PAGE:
‘Watch Me Break Apart’ is the brilliant debut album from Dead Nature, the new musical project of former Spring King man Tarek Musa. It’s a shimmering indie-pop album brimming with fuzzed up melodies and a firm DIY ethos, produced in Tarek’s own Musa Studio in Liverpool’s Baltic Triangle. We caught up with him to discuss his formative years in Manchester, getting inspiration from his gig going crowdsurfing brothers, Brazilian Tropicalia, and how the debut album feels like an amalgamation of everything he’s learned so far…

You’re a producer, and have recorded loads of great bands such as remixes for Circa Waves and a production for The Big Moon, so why did you decide now was the right time to launch your own songwriting career again as Dead Nature?

I’ve always loved being involved in other peoples music. For me, I learn the most when I’m actively making music in various forms, whether it be with other people on their music or writing and producing my own. After my last band ended, I knew I wanted to continue composing and making my own music, it feels natural to me and plays a huge part in my happiness and life. 

You have a really brilliant open minded approach to sourcing sounds as you’ve recorded various sounds from various places, what’s the strangest sound you’ve recorded which has ended up on the album?

There’s this church in Liverpool, The Gustaf Adolf church which I once recorded drums in. Those drums sounded huge! I not only used them on the artists music who I was producing, but also continued to use small samples of them elsewhere throughout my career. Some of the snare drum recordings from that session have made their way onto plenty other recordings. 

How has living in Manchester and Liverpool shaped the songs you’ve written?

Growing up in Manchester, I always had a big city at my doorstep with incredible venues. I spent a huge part of my upbringing going to gigs with my brothers or friends. I’m the youngest of my brothers and when we were in our teens we’d go together, but always get lost, and at some point I’d look up and see one of them crowdsurfing or in the pit. It felt like a playground to me, the anticipation of shows and then the full gig, drenched in sweat, ears ringing. Manchester was awesome for that, we had all the touring bands pass through. Liverpool was a city I visited when I decided to study here. I studied Sound Technology and had a blast, playing drums in a few bands and enjoying the close proximity of all the venues the city has on offer. Both cities shaped my songwriting for sure. I never went down the classic routes, whether that be The Smiths or The Beatles, but for sure the surroundings had a huge impact on my spirit and musical creativity.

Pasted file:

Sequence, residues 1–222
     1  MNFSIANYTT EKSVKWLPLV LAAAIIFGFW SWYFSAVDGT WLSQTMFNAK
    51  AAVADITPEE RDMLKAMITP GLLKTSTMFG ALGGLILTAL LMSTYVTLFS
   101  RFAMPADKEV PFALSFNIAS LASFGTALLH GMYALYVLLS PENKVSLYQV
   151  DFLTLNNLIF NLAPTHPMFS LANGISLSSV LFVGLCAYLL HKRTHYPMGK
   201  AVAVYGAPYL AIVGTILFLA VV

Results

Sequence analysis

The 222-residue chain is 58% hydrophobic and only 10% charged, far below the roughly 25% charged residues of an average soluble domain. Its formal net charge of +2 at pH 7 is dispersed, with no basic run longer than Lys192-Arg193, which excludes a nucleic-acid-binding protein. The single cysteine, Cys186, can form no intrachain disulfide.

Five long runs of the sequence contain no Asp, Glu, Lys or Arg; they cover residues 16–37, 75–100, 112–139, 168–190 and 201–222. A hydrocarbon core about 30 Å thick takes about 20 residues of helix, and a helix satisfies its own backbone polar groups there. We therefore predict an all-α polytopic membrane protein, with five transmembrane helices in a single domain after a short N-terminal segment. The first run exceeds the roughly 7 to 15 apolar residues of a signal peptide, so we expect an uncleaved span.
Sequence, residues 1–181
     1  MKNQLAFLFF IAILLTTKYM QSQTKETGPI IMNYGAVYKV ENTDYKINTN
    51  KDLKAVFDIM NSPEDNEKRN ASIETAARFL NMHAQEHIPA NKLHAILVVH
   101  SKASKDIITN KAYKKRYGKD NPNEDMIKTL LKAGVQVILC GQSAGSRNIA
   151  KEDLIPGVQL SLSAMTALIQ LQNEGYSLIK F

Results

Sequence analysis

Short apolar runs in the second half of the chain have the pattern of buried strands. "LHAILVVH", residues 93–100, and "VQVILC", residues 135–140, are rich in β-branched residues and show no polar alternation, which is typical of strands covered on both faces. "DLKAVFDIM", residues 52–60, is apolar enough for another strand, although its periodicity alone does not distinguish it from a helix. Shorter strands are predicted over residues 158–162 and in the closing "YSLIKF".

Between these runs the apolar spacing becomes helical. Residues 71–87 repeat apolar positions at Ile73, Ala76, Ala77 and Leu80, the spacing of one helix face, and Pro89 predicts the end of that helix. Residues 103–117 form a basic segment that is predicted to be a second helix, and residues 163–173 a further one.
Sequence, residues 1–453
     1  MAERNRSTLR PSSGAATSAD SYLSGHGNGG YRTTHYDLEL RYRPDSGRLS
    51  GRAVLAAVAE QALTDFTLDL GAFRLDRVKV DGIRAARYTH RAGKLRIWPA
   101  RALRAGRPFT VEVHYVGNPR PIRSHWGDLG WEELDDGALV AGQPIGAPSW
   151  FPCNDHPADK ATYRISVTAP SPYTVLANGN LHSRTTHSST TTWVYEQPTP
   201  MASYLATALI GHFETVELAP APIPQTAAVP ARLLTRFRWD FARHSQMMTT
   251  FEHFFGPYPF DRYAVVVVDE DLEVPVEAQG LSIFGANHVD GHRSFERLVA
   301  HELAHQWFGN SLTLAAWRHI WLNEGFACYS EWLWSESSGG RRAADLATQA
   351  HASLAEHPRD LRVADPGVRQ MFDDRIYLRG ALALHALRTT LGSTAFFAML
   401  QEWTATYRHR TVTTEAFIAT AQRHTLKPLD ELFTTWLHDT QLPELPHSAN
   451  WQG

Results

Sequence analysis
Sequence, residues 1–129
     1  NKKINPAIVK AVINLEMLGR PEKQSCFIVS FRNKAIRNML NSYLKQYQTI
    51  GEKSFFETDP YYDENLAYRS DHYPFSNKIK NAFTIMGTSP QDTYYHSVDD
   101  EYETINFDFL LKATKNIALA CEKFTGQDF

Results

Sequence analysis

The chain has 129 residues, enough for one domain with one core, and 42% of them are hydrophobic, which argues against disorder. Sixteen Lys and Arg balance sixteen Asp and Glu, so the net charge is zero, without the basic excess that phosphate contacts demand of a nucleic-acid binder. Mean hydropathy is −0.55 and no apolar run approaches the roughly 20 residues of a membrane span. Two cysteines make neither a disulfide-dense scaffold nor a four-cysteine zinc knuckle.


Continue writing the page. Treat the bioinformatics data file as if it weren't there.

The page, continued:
What or who inspired you to form a band, and made you think, this is what I want to do for a living?

I didn’t really write my own songs until I was 21, and at that point I was listening to a lot of huge indie bands like Arcade Fire and Florence and The Machine. At the time, my main drive was to write songs as big sounding as theirs, although that’s pretty difficult and I haven’t achieved that yet! It wasn’t until I finished studying my degree that I really took songwriting seriously, and by that time I was obsessed with Brian Wilson and his music. That’s what truly inspired me to give it a real go.

In the title track you state ‘we don’t really know who we are anymore’ sums up the past year’s events well, was that song written before the pandemic or during lockdown, and is it about trying to find your place in the world?

I wrote that track (Watch Me Break Apart) just before lockdown, it was November/December 2019. I felt like things were changing, and I didn’t know what it was. At the time politics was, and I guess always has been, in a huge mess. Climate change was never a bigger topic than it was at that point, and the friends I was speaking to felt the same as me. It felt like everything was falling apart, and the polarisation of political views, a consequence of the echo chambers we all occupy on social media, were having a big impact on my perception of the world. Lo and behold, months later, we were in a huge global pandemic. The song feels very fitting to the feelings of many people before, during and after 2020.